Eyes

Age-Related Macular Degeneration (AMD)

Macular-Degeneration

What is Age Related Macular Degeneration?

Age-Related Macular Degeneration, AMD, is a condition which affects the eye and involves the deterioration of the retina, the light sensing cells in the central area of vision, to a point when one’s vision can be seriously impaired or even lead to blindness. The area in the centre is called the macula, the part of the eye which enables a person to carry out daily activities such as reading and driving. The most distinguishing aspect of macular degeneration is round spots covering the person’s field of vision so that it is difficult to see things that are straight ahead. The peripheral vision remains unchanged which means that people can still continue with routine daily tasks. Read More…

Managing Glaucoma Naturally

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What is glaucoma?

Glaucoma is the said to be one of the leading causes of blindness in the world. Other causes of blindness include age-related macular degeneration and cataracts. Glaucoma is actually a group of diseases that result in the damage to the eye’s optic nerve. The optic nerve is responsible for delivering information from the eye to the brain. Glaucoma is often referred to as the “silent thief of sight” because it often goes unnoticed with a gradual loss of peripheral vision which means that a person is less able to see the edges of their field of vision. Without treatment, glaucoma can progress to permanent, irreversible vision loss and yet glaucoma is preventable. Read More…

Eye Floaters And Flashes

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Most of us, at some point in our lives, will probably experience the mild symptoms of seeing tiny spots floating around in our vision. These tiny spots are called floaters and are defined as small specks or clouds that drift in the field of vision. Floaters can be any shape including tiny dots, circles, cobwebs or clouds and are generally harmless.

To understand what causes floaters, we need to look at the structure of the eye. The eye is filled with a gel-like liquid called the vitreous humour, which is made primarily of hyaluronic acid. During youth, the vitreous humour has a gel-like consistency, but as we begin to age, it becomes more watery, especially around the middle of the eye, whilst the outer parts begin to get more solid. Read More…

Tackling Dry Eyes Syndrome

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Dry Eyes Syndrome, also known as keratoconjunctivitis sicca, is the inflammation of the particular part of the eye called the conjunctiva or the tear gland. This condition affects nearly 30 percent of the adult population and the typical sufferer is female and middle aged, and it is one of the leading causes for visits to the optician.

Dry Eyes Syndrome can be very uncomfortable and typically the sufferer may experience dry, gritty or scratchy sensations in their eyes. Other symptoms include burning sensations, constant itching, redness, blurred vision and light sensitivity. These symptoms worsen in dry and windy climate especially when the humidity of the air is low. Symptoms also worsen with prolonged use of eyes such as reading, watching television and using the computer. Whilst Dry Eyes Syndrome is not a serious condition, it can really affect the quality of daily life. Read More…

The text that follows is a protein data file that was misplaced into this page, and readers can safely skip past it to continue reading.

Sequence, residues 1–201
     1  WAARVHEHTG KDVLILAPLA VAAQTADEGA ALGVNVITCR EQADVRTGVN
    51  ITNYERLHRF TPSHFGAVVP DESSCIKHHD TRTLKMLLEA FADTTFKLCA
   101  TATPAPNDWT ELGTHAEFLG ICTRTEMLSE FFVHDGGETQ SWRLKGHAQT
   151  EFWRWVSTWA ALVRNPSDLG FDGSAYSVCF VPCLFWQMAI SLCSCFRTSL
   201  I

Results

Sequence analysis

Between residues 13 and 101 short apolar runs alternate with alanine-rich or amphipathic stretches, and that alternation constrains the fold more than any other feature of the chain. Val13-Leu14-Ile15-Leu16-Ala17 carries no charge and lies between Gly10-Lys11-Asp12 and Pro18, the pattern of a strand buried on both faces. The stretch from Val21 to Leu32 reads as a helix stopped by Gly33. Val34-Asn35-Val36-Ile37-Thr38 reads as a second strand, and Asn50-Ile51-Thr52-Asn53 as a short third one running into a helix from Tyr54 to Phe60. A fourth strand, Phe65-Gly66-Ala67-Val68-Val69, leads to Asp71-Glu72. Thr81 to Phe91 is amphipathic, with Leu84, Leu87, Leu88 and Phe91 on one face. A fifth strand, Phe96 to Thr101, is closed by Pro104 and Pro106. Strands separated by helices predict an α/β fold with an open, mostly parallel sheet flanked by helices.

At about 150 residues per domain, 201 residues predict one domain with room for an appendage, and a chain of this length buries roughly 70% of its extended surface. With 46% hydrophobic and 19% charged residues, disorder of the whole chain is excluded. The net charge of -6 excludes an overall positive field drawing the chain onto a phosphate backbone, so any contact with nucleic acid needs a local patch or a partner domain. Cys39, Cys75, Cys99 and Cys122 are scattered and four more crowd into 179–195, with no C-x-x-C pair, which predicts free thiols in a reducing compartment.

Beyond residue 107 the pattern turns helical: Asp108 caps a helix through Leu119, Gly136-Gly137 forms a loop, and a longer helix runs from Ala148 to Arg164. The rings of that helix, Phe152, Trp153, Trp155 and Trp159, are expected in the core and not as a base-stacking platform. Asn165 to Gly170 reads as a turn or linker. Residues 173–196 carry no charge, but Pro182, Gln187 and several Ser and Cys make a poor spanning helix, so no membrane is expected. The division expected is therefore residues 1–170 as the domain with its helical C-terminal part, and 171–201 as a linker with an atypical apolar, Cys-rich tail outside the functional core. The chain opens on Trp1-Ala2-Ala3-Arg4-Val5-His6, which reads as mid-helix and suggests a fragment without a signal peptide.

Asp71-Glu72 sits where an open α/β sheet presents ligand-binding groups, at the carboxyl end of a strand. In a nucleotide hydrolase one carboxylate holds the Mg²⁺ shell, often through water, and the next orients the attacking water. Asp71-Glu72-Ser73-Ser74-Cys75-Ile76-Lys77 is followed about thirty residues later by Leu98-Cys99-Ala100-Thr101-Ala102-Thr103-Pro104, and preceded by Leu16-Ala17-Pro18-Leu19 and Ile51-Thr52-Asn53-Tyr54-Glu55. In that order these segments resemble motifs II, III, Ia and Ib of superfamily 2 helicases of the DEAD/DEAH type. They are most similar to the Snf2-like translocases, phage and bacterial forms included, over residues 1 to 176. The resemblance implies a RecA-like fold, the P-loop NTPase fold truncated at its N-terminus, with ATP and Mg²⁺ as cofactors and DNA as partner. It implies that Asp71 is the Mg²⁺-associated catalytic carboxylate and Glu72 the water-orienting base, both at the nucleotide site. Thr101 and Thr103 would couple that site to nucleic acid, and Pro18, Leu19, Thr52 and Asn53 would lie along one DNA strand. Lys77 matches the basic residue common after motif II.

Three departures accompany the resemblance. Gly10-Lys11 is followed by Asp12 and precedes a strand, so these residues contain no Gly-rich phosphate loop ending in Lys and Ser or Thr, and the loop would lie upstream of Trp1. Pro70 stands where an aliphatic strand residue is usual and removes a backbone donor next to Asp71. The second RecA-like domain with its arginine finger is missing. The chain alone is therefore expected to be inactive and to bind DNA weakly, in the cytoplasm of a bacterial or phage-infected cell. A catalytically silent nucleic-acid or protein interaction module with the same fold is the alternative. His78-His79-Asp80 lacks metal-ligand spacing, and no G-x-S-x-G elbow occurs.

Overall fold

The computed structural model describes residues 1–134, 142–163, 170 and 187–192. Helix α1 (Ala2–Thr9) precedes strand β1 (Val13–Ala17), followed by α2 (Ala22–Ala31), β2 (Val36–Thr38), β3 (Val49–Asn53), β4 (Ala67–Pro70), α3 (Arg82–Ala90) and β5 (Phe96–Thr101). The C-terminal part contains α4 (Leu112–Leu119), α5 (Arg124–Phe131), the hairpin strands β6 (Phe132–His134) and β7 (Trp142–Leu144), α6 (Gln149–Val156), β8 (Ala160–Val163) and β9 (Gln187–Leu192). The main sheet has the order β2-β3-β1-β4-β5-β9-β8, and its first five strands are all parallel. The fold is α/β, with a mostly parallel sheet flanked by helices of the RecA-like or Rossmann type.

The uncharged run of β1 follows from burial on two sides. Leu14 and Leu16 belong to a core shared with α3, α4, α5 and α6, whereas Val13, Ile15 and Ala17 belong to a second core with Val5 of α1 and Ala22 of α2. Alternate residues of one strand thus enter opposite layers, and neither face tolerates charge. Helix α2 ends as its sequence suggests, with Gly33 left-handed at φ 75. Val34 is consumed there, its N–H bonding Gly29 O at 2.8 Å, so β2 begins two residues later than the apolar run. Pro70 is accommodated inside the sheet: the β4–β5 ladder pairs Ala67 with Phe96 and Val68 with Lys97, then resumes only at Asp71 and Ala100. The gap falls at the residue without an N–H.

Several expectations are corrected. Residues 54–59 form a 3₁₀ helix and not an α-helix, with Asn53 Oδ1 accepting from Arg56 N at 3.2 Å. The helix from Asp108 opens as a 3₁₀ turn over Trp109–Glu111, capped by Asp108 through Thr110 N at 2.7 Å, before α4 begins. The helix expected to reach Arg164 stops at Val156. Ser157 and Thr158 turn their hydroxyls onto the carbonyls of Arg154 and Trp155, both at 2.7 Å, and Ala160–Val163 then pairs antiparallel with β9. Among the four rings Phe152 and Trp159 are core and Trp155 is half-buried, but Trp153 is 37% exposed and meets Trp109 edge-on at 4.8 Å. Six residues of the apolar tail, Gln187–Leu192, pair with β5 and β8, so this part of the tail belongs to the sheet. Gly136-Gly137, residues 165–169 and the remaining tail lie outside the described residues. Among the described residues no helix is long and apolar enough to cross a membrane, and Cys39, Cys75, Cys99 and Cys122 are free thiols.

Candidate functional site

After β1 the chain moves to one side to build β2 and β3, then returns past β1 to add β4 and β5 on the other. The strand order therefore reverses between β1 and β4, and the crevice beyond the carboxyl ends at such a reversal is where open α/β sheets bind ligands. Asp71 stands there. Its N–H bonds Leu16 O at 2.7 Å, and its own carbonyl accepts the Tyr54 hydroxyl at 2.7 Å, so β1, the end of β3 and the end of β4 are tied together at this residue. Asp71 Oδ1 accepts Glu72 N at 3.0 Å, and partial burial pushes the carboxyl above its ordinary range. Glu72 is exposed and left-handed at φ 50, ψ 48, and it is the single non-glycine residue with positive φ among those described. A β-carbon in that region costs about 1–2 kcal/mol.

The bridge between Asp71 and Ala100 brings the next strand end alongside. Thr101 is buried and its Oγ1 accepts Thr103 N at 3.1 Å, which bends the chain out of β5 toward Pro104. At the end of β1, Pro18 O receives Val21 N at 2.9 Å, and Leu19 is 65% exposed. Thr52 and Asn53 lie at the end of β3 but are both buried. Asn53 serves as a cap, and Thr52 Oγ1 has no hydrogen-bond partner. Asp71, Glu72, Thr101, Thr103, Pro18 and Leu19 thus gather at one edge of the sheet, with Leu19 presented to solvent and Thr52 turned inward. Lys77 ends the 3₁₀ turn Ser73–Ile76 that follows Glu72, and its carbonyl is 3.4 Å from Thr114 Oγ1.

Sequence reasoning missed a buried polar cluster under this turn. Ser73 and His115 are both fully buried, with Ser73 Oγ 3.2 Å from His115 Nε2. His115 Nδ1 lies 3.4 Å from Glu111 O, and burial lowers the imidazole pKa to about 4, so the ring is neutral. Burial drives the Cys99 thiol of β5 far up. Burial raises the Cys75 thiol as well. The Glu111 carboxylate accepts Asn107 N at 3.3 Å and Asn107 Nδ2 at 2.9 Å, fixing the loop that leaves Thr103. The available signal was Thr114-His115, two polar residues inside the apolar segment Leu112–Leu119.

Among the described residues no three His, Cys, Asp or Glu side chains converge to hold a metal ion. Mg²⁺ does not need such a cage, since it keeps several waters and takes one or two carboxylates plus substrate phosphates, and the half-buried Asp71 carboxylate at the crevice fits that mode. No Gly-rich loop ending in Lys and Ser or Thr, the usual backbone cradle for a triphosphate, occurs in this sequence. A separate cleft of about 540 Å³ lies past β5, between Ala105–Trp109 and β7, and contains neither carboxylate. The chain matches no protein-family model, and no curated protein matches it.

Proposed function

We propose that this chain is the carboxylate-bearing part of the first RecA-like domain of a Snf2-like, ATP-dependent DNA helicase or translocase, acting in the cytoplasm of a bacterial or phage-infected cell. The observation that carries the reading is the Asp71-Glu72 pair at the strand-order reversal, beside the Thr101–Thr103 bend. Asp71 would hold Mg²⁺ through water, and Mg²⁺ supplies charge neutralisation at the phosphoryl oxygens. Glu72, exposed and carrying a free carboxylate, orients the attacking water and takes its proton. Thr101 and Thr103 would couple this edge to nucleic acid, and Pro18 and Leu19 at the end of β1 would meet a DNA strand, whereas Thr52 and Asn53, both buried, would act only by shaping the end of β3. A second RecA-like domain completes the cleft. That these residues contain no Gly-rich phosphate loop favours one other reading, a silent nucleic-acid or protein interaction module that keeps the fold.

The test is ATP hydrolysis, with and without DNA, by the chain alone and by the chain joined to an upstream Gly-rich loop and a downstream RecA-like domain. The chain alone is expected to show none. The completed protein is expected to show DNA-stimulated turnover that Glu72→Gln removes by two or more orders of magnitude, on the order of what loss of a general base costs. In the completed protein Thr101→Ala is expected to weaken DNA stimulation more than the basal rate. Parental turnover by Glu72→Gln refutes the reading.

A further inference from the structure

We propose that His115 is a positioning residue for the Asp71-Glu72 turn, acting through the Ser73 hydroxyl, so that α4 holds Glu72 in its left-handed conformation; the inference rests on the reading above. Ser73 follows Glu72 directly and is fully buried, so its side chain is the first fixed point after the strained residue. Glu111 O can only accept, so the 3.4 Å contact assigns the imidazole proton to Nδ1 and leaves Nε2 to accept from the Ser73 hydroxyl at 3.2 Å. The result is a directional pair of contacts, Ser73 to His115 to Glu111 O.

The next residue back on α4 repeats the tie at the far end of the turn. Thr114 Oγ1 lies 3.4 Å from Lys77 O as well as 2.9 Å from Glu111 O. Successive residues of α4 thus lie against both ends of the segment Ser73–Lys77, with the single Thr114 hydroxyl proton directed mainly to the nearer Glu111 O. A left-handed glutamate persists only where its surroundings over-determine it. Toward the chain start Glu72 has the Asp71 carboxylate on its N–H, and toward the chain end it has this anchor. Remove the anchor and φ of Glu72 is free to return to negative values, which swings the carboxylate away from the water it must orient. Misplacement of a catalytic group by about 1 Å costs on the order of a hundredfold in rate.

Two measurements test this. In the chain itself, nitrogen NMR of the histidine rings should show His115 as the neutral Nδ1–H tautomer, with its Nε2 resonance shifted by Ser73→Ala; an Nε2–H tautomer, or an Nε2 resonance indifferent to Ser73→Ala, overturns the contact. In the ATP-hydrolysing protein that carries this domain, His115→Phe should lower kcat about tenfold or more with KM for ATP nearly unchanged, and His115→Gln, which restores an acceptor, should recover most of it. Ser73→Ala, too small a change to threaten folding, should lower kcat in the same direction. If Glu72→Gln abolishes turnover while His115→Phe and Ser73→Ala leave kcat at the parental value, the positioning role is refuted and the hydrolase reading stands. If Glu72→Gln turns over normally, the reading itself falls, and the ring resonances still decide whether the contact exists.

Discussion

Prevention, Symptoms and Treatment of Blepharitis

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What is blepharitis?

Blepharitis is a chronic long term inflammatory condition affecting the eyelids and the skin surrounding the eyes causing a lot of discomfort. There are two types of blepharitis: anterior blepharitis, which affects the outer edge of the eyelids where the eyelashes are found, and posterior blepharitis, which affects the inner edge of the eyelids where the eyelid comes into contact with the eyeball.

The symptoms of blepharitis vary with the severity of the condition and include: Read More…

Treatment for Cataracts

Preventing Cataracts

Cataracts commonly occur in the elderly and are the leading cause of blindness worldwide, affecting up to 40% of people over the age of 75. The astounding fact is that cataract formation is present in all adults over the age of 30. In an eye that has no cataract, the lens is clear and light can pass through the lens onto the retina so that a clear image can be seen. The lens in an eye with a cataract is clouded and the image produced is not clear.

A cataract develops when proteins aggregate in the lens of the eye with a progressive loss of transparency. This is akin to what happens to the white of an egg when it is cooked. As the protein becomes oxidised, it hardens and loses its transparency.

Whilst the exact pathway leading to the formation of cataracts still remains unknown, there are some risk factors that pre-dispose us to cataract formation. These include age, diabetes, smoking, alcohol, high sugar intake, high blood pressure, genetics, diets deficient in antioxidants and exposure of the eyes to excessive sunlight.

In his article, Shabir takes a look at recognising the symptoms of cataract formation and recommends the products that can help this health concern.
VH Editorial: Preventing CataractsAlive Once Daily Multivitamin £26.00 for 60 Tablets; High Potency Astaxanthin £17 for 30 Softgels; Can-C Eye Drops £39.95 for 10 ml (2 x 5 ml)